How Does It Work?
In a word, GREAT.
It really does make sharpening small blades easier than using the regular table. The technique is still the same but it just goes easier and I can get a better job done on my pocket knives. It just feels easier to use for a pocket knife size blade and the results are totally satisfactory. Here’s a photo of one of my knives in position on the miniature table of the Small Knife Attachment. The device is just a smaller version of the table, blade guide, and adjustment nut. It does exactly what it is designed to do. The instruction sheet that comes with the device does mention that it will lower the sharpening angle by about one degree. I did find this to be true. This is just something to keep in mind when using the Small Knife Attachment and is easily compensated for with the sharpening angle adjustment on the Edge Pro Apex.
The Small Knife Attachment is specifically designed to make it easier to sharpen blades that have a thumb stud attached. My knife doesn’t have a thumb stud but it does have a pocket clip attached high on the bolster of the knife. The pocket clip does not allow the blade to lie flat on the little table when the knife is held close to it. The pocket clip just takes up too much room for it to lie flat.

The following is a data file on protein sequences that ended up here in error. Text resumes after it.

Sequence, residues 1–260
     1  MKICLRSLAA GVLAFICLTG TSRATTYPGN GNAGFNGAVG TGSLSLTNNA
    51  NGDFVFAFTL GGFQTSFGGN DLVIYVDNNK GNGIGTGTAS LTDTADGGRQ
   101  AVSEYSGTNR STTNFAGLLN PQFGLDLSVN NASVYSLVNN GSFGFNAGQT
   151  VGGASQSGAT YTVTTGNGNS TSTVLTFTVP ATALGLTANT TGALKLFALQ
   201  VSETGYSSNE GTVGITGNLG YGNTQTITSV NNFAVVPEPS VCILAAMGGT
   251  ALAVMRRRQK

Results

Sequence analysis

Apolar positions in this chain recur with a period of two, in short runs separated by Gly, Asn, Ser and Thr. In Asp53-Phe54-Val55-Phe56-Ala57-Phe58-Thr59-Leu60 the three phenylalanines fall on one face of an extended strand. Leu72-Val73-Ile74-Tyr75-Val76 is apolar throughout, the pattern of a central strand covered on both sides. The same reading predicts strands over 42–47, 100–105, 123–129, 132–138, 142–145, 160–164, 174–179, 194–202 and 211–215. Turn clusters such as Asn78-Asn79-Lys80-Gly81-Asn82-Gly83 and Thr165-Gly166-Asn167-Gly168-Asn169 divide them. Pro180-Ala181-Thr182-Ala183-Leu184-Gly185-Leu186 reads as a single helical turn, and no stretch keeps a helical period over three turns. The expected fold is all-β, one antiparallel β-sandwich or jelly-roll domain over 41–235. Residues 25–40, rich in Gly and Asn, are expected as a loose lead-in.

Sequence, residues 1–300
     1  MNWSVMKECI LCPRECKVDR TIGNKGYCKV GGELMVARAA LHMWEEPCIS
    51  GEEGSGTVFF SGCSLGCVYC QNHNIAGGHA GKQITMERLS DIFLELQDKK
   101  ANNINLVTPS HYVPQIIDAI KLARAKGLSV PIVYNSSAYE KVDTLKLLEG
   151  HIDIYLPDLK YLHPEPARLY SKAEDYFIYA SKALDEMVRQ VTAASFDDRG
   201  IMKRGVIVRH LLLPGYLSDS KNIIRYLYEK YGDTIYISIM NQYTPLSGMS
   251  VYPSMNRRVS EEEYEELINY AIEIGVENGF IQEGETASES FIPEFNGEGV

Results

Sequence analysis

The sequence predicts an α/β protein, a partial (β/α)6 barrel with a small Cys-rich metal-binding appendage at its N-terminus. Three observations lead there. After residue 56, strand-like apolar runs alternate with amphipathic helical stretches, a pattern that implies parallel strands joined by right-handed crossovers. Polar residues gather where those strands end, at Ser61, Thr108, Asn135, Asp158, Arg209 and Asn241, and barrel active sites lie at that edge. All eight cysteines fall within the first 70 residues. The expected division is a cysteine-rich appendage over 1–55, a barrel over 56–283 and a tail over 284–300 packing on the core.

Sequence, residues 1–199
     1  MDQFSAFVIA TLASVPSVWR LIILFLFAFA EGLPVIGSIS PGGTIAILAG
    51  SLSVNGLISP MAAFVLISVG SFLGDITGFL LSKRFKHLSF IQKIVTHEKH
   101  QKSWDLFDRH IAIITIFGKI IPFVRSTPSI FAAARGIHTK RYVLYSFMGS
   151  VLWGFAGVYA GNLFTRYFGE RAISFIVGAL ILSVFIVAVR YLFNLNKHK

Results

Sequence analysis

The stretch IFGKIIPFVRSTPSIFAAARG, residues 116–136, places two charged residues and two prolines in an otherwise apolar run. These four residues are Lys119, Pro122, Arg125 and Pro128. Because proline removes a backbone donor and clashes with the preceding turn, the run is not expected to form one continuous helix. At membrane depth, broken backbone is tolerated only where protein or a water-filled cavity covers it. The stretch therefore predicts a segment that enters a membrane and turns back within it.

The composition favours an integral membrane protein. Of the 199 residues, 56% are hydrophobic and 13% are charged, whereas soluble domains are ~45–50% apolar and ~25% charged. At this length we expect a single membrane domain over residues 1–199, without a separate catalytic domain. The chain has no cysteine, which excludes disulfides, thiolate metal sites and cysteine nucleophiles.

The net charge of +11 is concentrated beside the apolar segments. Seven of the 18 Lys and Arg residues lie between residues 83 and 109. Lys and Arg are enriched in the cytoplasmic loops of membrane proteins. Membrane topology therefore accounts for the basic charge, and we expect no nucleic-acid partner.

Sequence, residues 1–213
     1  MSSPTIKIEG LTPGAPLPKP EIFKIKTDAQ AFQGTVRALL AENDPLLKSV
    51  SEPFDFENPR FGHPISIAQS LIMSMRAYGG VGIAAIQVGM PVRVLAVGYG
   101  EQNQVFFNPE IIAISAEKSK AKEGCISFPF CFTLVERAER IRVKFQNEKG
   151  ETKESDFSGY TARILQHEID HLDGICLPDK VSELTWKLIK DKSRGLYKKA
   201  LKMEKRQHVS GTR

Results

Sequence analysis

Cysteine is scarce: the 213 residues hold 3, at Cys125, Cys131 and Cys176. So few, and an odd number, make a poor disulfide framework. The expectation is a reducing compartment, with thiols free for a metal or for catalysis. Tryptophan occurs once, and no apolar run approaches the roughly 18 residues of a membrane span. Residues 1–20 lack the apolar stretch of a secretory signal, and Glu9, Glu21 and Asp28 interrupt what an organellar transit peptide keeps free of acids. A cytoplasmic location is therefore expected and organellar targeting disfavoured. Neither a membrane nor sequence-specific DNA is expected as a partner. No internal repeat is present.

This minor problem can be overcome by simply backing up the knife a bit to allow the pocket clip to position outside the edge of the main table of the Apex as you can see in this photo. There is still plenty of blade resting on the little table to make sharpening this side of the blade the same as the opposite side. It is really only a minor inconvenience. Just something to be aware of.